Autism: A world of fun and games
When all the other girls in Elayne Lite’s second grade class amused themselves with dolls, jump rope, and Jacob’s Ladder at recess, I played dodgeball (a Darwinian “survival of the fittest” blood-sport on its last legs due to today’s insistence that every child wins mentality), kickball, baseball or anything else that labeled me a “tomboy.”
After all, as the youngest and only girl of two older brothers — all of whom had Mrs. Lite — my siblings would stand for nothing less.
That year, and much to my delight, Mrs. Lite’s class got an exchange student named Gideon Zehavi. Gideon had blue eyes and blond hair, and an unfamiliar accent. I had blond hair, green eyes, and more than likely, a vocabulary that (thanks to my brothers) was far too salty for my age.
While second grade seems to be the year when girls think boys are “yucky” and “disgusting” and boys think girls have “cooties” (which, if my children are any indication, pretty much still holds true) Gideon and I went rogue and fell into a fast friendship. He and I did almost everything together. We looked so much alike, people often told us we could be twins.
Gone but not forgotten
After second grade, Gideon and his family moved, though I never knew where. Throughout the years, I never forgot him. (In a platonic, not romantic way.) Every time I drove by his home, he was in my thoughts. When I went to college, I wondered if Gideon and his family returned to Israel, which would mean he would have mandatory army service. With never-ending Middle East unrest, I wondered if — and hoped that — he was safe, happy and healthy.
Several years ago, Mrs. Lite and I ran into each other. (To this day, Mrs. Lite calls me by the second grade nickname she bestowed upon me, “Allison Wonderland.”) One of the first things I asked her about was Gideon. She mentioned they had kept in touch for a while, but eventually stopped communicating. In the most non-stalkerish way possible, I tried to find Gideon on the internet, to no avail. My worst fears that he had somehow come to harm were in the forefront of my mind.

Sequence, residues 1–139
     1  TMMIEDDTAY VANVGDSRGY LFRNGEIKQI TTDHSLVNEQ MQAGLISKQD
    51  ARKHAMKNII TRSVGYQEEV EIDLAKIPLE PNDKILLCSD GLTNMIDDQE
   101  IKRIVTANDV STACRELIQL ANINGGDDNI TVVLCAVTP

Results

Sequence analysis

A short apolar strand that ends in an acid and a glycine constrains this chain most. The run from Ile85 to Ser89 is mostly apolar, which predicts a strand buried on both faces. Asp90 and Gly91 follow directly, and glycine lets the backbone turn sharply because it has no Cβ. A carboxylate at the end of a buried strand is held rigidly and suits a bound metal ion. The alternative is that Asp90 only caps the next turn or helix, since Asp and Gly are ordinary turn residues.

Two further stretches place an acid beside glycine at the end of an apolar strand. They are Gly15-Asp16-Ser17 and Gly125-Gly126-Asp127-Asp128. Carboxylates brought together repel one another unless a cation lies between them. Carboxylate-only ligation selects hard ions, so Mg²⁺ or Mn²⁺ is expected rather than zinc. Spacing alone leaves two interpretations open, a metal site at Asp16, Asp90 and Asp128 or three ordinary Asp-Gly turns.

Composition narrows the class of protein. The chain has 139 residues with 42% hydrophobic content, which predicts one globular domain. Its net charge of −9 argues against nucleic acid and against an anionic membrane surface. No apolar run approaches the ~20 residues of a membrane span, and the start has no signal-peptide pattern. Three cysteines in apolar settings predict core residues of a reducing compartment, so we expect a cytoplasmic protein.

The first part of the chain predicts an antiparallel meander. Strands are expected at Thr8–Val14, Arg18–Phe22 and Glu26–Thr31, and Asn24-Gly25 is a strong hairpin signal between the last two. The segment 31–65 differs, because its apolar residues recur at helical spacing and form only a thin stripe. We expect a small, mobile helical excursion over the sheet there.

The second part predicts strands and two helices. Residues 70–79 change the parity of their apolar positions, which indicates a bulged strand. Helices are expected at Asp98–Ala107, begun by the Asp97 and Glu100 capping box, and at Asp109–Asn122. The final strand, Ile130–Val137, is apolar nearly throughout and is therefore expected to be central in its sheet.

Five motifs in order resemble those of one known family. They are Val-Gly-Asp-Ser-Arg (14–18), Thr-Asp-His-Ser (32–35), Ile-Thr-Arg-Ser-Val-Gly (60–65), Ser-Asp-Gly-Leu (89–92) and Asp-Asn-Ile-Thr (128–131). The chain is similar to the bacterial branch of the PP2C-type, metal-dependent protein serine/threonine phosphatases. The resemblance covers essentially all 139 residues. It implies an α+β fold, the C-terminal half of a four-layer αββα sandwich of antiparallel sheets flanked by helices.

A surprising note
Miraculously, on April 18, I received a note from Mrs. Lite:
Gideon Zehavi, the "little boy" from Israel, who was in our second grade class, spent a day with me. He remembered the names of two people in the class. One of them was you! He was on his way to New Haven to deliver a keynote address at a convention. He came a day early and through Newark Airport. I had a wonderful time with him! I don't know exactly where Gideon's conference is. He is a drama therapist and works with autistic children. He is a bigger version of the adorable boy he was... we visited Mt. Pleasant School. I loved having him.
Reconnecting with Gideon
In less time it takes for a hummingbird to flap its wings once, I found and “friended” Gideon on Facebook. As Humphrey Bogart said as Rick Blaine in Casablanca, “Of all the gin joints in all the towns in all the world, she walks into mine.” Well, of all the professions in all the towns in all the world, Gideon, it turns out, works in the field of autism.